On the charge of touting and advertising on Facebook, he was banned for three years. He would serve the two sentences concurrently.

“The licence of Lawyer Francis Xavier Sosu to practise for the next three (3) years is hereby withdrawn forthwith.”

The debate

There has been a heated debate since the pronouncement of the verdict on Francis-Xavier Sosu. A majority of the views seem to agree that the punishment is too harsh. But a member of the Disciplinary Committee of the General Legal Council, Sam Okudjeto, seems to agree with them but has an explanation.

“If we are not harsh and tough in disciplining them, then what we are doing is opening the floodgate so everybody can do what they like,” he said.

Another issue that has raised a unanimous agreement among lawyers is the issue of advertising. A number of lawyers have stated that this law is archaic. Lawyer Justice Srem Sai, for instance, stated on Joy FM that the public had the right to know about the law firms available and the kinds of services they offered.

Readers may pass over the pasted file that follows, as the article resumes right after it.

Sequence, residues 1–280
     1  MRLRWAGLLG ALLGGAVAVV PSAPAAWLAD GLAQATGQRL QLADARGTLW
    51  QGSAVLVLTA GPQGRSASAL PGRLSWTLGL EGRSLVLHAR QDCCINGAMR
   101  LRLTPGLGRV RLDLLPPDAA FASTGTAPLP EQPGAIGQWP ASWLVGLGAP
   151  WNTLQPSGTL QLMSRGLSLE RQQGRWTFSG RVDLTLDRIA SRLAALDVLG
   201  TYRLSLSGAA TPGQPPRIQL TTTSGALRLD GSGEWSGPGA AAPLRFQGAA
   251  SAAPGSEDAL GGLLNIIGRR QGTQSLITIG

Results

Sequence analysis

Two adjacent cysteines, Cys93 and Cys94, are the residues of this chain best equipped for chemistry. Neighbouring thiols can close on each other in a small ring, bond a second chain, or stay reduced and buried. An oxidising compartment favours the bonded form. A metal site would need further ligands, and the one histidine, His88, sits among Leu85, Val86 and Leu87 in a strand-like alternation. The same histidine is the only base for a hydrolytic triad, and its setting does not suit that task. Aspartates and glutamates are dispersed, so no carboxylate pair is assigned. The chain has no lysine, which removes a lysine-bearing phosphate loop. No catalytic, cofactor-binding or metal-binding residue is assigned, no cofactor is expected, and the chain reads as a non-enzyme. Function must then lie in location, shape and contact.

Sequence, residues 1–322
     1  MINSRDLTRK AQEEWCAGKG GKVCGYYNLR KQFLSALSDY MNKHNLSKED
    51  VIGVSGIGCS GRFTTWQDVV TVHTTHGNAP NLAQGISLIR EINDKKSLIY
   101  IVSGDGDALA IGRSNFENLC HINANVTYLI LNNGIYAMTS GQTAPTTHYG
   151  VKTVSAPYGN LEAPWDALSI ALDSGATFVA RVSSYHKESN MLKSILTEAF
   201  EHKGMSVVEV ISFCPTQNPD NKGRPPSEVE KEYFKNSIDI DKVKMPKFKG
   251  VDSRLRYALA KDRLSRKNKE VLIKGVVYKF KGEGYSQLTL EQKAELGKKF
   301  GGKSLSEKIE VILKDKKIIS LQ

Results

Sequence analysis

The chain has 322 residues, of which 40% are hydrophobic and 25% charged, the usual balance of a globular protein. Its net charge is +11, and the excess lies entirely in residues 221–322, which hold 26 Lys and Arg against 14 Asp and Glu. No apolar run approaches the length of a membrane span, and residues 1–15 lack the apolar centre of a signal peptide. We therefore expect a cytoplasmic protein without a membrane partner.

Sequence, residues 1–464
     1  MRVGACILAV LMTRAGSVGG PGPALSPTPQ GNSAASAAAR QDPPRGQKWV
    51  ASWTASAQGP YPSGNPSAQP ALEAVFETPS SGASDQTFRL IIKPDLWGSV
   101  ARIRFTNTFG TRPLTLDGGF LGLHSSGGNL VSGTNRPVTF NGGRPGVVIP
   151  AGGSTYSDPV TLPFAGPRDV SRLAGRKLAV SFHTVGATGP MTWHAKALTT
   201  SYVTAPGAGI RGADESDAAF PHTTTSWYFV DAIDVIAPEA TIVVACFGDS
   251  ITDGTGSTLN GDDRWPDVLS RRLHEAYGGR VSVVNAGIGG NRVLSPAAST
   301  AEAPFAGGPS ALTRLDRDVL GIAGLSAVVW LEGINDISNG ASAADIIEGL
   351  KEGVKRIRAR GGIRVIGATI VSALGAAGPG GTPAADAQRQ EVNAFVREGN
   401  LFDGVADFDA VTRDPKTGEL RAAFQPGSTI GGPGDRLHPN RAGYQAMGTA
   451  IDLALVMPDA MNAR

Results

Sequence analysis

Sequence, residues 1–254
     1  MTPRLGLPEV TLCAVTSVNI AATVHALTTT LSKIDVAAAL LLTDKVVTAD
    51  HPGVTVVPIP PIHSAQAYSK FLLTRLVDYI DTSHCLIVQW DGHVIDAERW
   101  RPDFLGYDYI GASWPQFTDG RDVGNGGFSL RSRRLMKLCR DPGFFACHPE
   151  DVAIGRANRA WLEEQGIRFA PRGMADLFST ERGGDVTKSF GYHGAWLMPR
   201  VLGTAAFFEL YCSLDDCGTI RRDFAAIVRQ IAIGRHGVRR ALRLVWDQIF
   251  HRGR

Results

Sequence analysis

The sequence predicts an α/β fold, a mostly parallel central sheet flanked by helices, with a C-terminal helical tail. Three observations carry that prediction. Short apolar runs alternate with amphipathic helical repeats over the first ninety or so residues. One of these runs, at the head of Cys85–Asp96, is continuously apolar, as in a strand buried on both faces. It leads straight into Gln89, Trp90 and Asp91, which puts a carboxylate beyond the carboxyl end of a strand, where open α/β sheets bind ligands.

Lawyer Raymond Atuguba also had this to say on on Citi FM: “Every lawyer in Ghana and every law firm in Ghana that is in the business of practicing law constantly breaches the 1960 rules [Legal Profession Act 1960] that govern legal practice in Ghana. When you have such anachronistic rule in operation and everyone is breaching them, then the risk of selective justice becomes very high… If we like your fame and we like your politics, we ignore it when you breach them, but if we don’t like your fame and your politics, we apply them to you strictly when you breach them.”

Another school of thought is also questioning what advertising means in the sense of the General Legal Council and whether many other lawyers are not openly advertising. “Advertising is a means of communication with the users of a product or service. Advertisements are messages paid for by those who send them and are intended to inform or influence people who receive them,” as defined by the Advertising Association of the UK.

Much of the advertisements these days have moved from traditional media to the Internet. On the Internet, advertisements are mainly done on websites or on social media. Francis-Xavier Sosu was charged and sentenced for sharing information that had the intention of advertising himself on social media.